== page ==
“Regarding Bedouin smuggling activity into Israel, the general thrust of Cairo’s policy was—and remains—not to interfere. Even when caught, Bedouin drug smugglers headed for Israel have received much lighter sentences than those carrying drugs into Egypt.

This attitude may help explain Egypt’s relative tolerance of the latest Bedouin business endeavor: guiding massive numbers of illegal African immigrants into Israel.”

Rather than blindly repeating the inaccurate information he was “told” by an either uninformed or interested party, Thomson should have checked the accuracy of that claim before including it in his report. His obvious failure to do so means that his assertion that the failure to deal with the kidnapping and torture of African migrants in Sinai is related to the terms of the Egypt-Israel peace treaty becomes nothing more than a gratuitous and misleading inaccuracy which prevents audiences from understanding the real factors at play.  

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16 comments on “BBC blames torture of African migrants in Sinai on Egypt-Israel peace treaty

  1. Some less advanced peoples are not reliable sources for news. If BBC persists in this careless kind of reporting, it will take a long time to reassume the prestigious status it once maintained. So much media today consists of willful misinformation and disinformation emanating from persistently unreliable sources. BBC should be extra wary not to be included among the irresponsible. Thank you.

    • I’d say you were giving the BBC the benefit of a great deal of doubt. The sheer volume of biased anti-Israel propaganda that emanates from the BBC as “news” suggests something more sinister than poor journalistic skill.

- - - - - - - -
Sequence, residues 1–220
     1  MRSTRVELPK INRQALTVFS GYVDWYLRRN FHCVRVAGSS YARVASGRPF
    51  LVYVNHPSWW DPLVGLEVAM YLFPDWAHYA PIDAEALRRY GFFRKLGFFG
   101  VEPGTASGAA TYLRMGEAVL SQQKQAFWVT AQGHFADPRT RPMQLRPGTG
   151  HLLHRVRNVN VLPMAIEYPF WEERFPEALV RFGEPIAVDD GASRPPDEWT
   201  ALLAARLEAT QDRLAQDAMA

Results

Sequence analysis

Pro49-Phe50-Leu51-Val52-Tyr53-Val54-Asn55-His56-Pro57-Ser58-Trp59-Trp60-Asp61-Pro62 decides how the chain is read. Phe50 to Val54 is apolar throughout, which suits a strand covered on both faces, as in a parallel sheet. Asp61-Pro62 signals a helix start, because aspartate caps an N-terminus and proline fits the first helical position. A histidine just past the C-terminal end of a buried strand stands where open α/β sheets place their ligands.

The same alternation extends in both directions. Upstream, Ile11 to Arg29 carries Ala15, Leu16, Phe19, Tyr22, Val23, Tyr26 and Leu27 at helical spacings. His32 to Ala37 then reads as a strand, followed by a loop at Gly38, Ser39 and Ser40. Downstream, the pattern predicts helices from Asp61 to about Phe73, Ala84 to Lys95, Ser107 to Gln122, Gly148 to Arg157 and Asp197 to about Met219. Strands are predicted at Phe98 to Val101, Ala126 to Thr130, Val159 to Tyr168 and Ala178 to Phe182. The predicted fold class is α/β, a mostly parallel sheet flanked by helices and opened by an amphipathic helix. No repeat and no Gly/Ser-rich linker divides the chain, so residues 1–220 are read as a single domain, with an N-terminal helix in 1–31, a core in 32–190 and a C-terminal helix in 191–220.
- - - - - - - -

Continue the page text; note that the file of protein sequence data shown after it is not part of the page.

One has to remember that the media in Britain is dominated by so called “progressives” who will rush to defend any despot who defies the West no matter how vile they may be. The BBC’s eulogies for Chavez are a recent example of this.

      The Guardian has found that providing a platform for terrorists and printing racist hate against Israel is good for business. It gives it’s readers what they want – let’s not forget that the Guardian is a British “establishment” newspaper – an establishment whose notoriety for anti-semitism stretches into history. The Guardian lefties are cowards – and Israel is a soft target. With CIF the G reaches a global audience of Jew haters – right across Europe and the caucasus and throughout the Middle East. The BBC enjoys this reach too and you couldn’t put a fag paper between the Guardianistas and the lefties at the BBC.

      • Israelis/Jews won’t bomb the Gaurdian or BBC nor any other anti-Israel/Jewish “news” outlet. Arabs/Muslims do. And have!

    • Richard, are you a member of the “general public”? If so, why bother posting here? Or perhaps you do care more than a jot………….

    • I’m a member of UK general public, and therefore also one of those unfortunates who has to pay, whether I like it or not, for the BBC’s activities, if I wish to be able to watch any television at all. I DO care that the BBC misleads its audiences regarding Israel. For it to happen so pervasively and persistently, it is simply beyond credibility to assume that it’s not deliberate. I also care that increasing evidence has come to attention over the recent years that the BBC, a supposedly public body, appears to operate in a non-transparent and often non-accountable manner. I have also seen for myself that they often exhibit political bias even when reporting on the UK’s internal affairs. I feel the BBC is well overdue for a major shake-up – and I don’t just mean swapping a few key roles around between the Usual Suspects. So, contrary to your opinion on the subject, I do care.